Three Home Items That Are Dirtier Than a Toilet Seat

The coronavius pandemic has really sparked fear and increased the need for cleanliness, now more than ever before. “A really clean home environment is imperative for keeping your family members healthy during cold and flu seasons, including this current outbreak,” says Mary Gagliardi, cleaning expert and senior scientist at Clorox.

People have been taking on the habit of frequent hand-washing as part of COVID-19 precautions. Nevertheless, it is easy to overlook the everyday items that surprisingly can house more germs than a toilet seat.

Hand towels

According to a research by the National Academy of Sciences of U.S.A, your hands can harbour 3,000 bacteria from more than 150 species. These bacteria and viruses (including coronavirus), may be defeated with something as simple as hand soap. However, drying your hands on a frequently used towel could just reverse that entire process. Far more often, towels and dishcloths are used indiscriminately; from wiping hands, surfaces, tools etc… it is no surprise that these cloths are one of the dirtiest items in your kitchen.

Here are some tips for cleanliness:

  • Used towels should be swapped with a clean one everyday.
  • Use separate cloths for wiping surfaces, drying hands, dishes and the floor.
  • Wash your cloths at ideally hotter than 80C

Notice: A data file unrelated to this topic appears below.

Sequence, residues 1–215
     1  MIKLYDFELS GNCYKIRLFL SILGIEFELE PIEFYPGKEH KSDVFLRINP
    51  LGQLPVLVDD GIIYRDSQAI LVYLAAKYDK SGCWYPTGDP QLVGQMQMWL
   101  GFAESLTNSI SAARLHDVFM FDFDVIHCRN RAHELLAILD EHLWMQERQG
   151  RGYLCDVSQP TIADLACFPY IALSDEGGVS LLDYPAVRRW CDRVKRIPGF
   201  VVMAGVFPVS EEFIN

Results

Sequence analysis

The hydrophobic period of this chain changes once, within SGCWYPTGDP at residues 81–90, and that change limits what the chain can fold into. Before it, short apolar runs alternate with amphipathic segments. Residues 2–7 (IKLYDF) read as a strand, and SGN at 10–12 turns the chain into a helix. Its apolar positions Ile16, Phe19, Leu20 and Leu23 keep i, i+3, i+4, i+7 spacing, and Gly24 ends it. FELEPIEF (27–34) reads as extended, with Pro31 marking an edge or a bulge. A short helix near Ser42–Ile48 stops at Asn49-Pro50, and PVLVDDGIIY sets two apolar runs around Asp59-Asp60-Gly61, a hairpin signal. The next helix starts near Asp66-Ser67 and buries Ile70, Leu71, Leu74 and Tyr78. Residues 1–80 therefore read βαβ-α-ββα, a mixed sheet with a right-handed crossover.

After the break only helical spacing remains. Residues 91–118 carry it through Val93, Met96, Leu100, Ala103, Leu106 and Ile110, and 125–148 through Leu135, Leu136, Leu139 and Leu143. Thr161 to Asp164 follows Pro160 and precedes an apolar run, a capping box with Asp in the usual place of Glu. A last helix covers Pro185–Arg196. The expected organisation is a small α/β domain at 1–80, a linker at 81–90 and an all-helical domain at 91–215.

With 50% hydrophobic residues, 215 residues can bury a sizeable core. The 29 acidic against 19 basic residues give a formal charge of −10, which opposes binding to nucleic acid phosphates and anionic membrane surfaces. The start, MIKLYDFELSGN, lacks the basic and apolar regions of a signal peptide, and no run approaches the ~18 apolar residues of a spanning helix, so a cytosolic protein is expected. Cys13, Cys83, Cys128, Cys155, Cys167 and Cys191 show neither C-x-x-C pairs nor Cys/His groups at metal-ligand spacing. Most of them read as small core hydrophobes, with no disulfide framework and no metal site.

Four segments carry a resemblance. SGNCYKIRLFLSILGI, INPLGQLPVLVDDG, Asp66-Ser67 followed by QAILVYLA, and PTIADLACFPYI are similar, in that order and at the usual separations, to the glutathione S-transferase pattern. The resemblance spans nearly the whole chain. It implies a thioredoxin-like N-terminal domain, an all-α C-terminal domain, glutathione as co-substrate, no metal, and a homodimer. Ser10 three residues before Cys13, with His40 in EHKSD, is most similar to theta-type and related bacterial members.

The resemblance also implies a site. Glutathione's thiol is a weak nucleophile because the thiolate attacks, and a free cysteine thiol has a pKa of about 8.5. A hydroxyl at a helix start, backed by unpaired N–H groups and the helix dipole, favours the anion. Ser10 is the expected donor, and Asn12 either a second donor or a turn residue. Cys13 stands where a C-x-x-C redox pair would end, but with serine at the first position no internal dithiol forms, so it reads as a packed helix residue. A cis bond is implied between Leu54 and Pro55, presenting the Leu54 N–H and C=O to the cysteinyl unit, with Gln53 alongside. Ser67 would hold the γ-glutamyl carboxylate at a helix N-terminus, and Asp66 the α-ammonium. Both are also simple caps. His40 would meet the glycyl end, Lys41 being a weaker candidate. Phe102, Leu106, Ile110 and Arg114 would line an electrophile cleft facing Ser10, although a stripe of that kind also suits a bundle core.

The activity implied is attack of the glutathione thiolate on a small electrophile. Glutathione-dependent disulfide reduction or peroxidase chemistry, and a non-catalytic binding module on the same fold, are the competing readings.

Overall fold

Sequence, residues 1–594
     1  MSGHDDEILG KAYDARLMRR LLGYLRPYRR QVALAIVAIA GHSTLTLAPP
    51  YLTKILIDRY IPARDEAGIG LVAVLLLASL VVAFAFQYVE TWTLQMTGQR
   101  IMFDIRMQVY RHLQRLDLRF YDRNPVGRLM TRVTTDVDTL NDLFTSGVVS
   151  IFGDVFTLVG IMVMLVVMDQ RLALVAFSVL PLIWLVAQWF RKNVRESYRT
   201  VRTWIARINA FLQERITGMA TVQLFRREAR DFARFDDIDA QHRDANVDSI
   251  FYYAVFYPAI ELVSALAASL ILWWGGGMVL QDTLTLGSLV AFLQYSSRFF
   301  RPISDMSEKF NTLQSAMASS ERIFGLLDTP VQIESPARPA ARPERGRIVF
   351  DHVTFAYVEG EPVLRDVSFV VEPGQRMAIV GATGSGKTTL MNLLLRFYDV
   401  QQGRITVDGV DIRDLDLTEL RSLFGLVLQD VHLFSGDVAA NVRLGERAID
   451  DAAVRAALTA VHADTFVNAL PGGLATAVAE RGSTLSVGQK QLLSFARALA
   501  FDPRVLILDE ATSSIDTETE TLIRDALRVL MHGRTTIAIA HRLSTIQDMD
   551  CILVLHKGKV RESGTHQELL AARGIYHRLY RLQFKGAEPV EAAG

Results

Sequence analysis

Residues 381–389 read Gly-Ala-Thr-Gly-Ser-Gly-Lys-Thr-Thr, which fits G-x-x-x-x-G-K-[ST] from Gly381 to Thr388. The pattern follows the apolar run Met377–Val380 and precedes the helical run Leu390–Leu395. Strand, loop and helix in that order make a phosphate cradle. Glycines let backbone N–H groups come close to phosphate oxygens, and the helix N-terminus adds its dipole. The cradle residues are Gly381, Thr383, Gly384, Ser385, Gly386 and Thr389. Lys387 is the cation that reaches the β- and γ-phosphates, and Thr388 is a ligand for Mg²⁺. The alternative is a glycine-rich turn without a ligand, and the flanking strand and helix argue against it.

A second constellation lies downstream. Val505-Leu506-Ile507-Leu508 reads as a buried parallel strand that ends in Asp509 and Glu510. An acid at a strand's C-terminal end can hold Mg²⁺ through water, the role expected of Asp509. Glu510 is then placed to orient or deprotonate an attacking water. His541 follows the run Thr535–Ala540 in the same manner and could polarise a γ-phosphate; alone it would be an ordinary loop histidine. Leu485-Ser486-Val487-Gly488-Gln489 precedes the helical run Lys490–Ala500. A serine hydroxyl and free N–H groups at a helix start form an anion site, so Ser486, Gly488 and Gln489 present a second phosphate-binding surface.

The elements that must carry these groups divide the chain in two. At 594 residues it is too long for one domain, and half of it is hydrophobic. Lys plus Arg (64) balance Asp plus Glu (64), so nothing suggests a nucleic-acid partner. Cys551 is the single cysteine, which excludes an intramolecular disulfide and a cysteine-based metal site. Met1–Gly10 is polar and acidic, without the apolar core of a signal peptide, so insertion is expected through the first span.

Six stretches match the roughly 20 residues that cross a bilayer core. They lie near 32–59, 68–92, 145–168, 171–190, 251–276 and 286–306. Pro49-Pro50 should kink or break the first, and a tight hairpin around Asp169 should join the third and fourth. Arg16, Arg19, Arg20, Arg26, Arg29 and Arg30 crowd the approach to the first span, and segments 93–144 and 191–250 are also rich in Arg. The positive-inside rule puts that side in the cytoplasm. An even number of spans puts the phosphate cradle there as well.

Phones and tablets

It is a fair assumption that the majority of the people take their phones with them to the bathroom. While public toilets get cleaned regulary, our smart devices are often overlooked. According to a study by The UK Global Handwashing coalition, faecal bacteria, notably the E.coli, is found on one in six smartphones, most of them able to survive on surfaces for hours.

Charles Gerba, PhD, a microbiologist at the University of Arizona suggests cleaning electronic screens with wipes or a damp, soft cloth in order to reduce exposure to germs.

Phones and tablets

Microorganisms grow readily in water. The kitchen sponge is always soaking up coliform bacteria as it is always wet and moist, not to mention it is filled with gunk from dirty dishes that make excellent food for microbes.

Even sponges regularly cleaned with soap or the microwave can still be germ-laden. A good indicator that it is time to bid farewell to your sponge is when it starts to stink. Markus Egert, the microbiologist at the University of Furtwangen in Germany, suggests buying new sponges frequently as they are difficult to clean.